I keep trying to tell everybody that coaches have a lot to do with your career as an official but nobody wants to hear it from me, mainly because of the propaganda that JR and some of the others are allowed to do to me on this forum after I post. You go T'ing up a coach, especially a undeserved T, it could have a huge effect on how fast you move up. I hear a lot of people say that you don't call a game based on what the coach thinks, and we really shouldn't have to. However, true be told, you better listen to what they have to say.
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Old Mon Mar 12, 2007, 03:47am
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Quote:
Originally Posted by Old School
..... You go T'ing up a coach, especially a undeserved T, it could have a huge effect on how fast you move up. ....
Your statement implies that an official should expect that a "deserved" T could also have a huge effect on how fast an official moves up. Thats a flawed system.

Just as the inmates shouldn't pick their jailers, the coaches should have little, if any, say in who officiates.

My .02
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Old Mon Mar 12, 2007, 10:15am
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Quote:
Originally Posted by Camron Rust
That is not quite true, we've sent qualified women officials to the top state tourney before...with the old process. There were two that I remember since I've been in the PBOA, one of them moved out of town and never went to the tourney again from her new area. The other is working D1 ball and gave up HS ball after going to the top girls tourney in her last year. They were good enough to overcome the main deficiency of the system (lack of votes from boys coaches).

There were a handful of others that woud have made it if they had stuck around and spent the same 10-15+ years improving and earning the repect of their peers that all other other tourney official had to do...but they didn't want to put in the time and effort.
The part of the new system that makes it easier for women, and other qualified men btw, move up to tournament level is the part about people only being eligible if they didn't work a tourney last year. If that had been fully implemented this year, both Melodee and Lea Ann would have been eligible by votes, and would not have needed to be "commissionered" in.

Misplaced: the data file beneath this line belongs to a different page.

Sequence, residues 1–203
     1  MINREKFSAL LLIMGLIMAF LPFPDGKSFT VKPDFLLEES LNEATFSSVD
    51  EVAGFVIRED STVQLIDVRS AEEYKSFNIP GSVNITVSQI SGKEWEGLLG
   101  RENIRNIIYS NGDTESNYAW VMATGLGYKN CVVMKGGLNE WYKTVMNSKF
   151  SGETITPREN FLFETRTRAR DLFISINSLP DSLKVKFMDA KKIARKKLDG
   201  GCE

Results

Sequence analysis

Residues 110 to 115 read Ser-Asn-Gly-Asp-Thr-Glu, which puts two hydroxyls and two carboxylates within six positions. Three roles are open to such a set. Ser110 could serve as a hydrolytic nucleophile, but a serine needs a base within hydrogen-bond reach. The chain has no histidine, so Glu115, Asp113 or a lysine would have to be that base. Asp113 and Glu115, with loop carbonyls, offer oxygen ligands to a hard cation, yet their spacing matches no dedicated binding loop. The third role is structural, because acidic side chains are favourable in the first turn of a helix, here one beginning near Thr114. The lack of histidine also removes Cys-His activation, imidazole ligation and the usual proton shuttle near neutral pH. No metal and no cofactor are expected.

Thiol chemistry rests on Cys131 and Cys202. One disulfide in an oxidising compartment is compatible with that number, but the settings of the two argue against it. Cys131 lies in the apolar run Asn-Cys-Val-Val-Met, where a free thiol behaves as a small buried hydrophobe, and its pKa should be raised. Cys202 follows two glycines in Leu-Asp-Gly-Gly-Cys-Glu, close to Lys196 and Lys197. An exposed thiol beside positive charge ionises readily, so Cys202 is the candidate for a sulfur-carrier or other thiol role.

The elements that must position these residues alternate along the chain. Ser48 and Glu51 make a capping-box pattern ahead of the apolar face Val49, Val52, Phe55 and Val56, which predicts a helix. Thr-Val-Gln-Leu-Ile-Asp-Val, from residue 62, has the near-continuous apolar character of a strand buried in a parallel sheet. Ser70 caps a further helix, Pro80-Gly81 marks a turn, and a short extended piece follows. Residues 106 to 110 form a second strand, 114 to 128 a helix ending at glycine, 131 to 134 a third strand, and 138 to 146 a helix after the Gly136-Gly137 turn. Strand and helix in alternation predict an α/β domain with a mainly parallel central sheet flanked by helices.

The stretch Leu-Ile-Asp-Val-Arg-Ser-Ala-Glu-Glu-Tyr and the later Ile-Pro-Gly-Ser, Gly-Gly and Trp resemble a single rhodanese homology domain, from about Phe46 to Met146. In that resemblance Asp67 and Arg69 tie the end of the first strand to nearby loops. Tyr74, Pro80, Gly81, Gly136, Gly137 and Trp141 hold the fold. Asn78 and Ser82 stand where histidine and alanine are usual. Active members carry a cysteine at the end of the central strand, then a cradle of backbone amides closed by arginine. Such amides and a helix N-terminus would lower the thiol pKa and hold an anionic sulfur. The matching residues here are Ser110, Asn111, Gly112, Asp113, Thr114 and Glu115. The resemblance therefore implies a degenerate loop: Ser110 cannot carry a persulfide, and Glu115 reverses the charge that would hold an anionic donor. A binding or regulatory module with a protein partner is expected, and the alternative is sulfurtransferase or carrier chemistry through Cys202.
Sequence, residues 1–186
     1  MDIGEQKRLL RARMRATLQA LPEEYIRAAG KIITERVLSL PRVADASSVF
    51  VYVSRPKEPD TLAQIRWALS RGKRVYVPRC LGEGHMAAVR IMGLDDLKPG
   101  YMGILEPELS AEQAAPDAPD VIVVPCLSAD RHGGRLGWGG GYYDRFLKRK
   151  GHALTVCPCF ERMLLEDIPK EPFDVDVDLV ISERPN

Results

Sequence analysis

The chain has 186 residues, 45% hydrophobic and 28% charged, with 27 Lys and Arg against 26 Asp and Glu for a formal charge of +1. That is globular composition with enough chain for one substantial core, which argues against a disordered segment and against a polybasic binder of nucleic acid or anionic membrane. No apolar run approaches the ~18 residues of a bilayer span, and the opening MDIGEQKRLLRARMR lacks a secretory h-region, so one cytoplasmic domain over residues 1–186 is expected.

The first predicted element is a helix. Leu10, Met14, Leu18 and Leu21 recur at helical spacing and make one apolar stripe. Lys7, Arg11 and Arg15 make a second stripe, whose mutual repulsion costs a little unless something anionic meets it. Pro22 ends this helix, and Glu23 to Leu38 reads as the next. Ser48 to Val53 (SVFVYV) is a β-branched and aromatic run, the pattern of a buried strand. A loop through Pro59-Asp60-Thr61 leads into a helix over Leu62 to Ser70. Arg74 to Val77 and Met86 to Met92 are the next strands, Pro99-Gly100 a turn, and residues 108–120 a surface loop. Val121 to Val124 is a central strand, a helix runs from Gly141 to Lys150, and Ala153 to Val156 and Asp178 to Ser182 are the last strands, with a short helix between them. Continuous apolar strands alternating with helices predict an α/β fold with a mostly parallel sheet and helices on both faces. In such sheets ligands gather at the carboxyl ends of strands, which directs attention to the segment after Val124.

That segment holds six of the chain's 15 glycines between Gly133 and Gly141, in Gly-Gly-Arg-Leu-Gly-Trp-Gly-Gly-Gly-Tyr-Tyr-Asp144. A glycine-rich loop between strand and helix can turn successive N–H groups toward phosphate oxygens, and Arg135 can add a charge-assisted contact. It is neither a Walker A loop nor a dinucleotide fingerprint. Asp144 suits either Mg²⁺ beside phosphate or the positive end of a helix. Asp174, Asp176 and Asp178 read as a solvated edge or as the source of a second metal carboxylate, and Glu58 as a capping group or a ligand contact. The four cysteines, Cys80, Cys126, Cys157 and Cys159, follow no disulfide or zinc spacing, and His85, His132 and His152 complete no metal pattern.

I disagree that lack of boys' coaches' votes is the primary item in not getting into the tournaments. The problem isn't who votes and who doesn't. The problem is that once someone has been to the tournament, they have a sort of name-recognition and credibility that gets them more votes next year. By extending the rotation to include refs who are actually good enough, but get squeezed down the list by those who have been to tournaments in the past, not only women refs, but also refs like you, Camron, are more likely to get into the tournament.

I think the next step is to eliminate coaches' votes altogether, but I expect that's quite a ways down the line.
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Old Mon Mar 12, 2007, 11:08am
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Quote:
Originally Posted by Old School
I keep trying to tell everybody that coaches have a lot to do with your career as an official but nobody wants to hear it from me, mainly because of the propaganda that JR and some of the others are allowed to do to me on this forum after I post. You go T'ing up a coach, especially a undeserved T, it could have a huge effect on how fast you move up. I hear a lot of people say that you don't call a game based on what the coach thinks, and we really shouldn't have to. However, true be told, you better listen to what they have to say.
And being scared to issue a deserved T will have an even bigger affect on your career. No one here advocates giving "undeserved" T's, though.

You might want to check, but I'm pretty sure your strawman is burning.